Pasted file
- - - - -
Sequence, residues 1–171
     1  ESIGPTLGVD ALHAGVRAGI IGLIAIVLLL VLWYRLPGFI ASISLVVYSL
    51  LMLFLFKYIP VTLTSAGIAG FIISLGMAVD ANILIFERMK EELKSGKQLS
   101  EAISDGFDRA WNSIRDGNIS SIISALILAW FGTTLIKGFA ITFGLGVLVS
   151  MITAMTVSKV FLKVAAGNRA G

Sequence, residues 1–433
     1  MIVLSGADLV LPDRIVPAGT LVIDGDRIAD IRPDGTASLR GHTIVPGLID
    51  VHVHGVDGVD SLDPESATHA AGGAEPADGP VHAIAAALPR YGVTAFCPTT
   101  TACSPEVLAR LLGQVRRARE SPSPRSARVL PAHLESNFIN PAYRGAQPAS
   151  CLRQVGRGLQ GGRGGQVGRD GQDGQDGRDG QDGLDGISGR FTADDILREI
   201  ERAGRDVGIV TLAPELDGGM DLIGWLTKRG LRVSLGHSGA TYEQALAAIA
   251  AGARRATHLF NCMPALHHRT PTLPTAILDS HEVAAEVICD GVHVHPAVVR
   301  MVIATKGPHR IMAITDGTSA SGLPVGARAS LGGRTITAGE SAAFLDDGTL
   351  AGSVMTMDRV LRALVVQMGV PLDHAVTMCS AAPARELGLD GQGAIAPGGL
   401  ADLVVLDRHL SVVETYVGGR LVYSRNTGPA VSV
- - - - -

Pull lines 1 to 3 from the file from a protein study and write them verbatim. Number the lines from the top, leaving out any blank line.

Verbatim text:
Sequence, residues 1–171
     1  ESIGPTLGVD ALHAGVRAGI IGLIAIVLLL VLWYRLPGFI ASISLVVYSL
    51  LMLFLFKYIP VTLTSAGIAG FIISLGMAVD ANILIFERMK EELKSGKQLS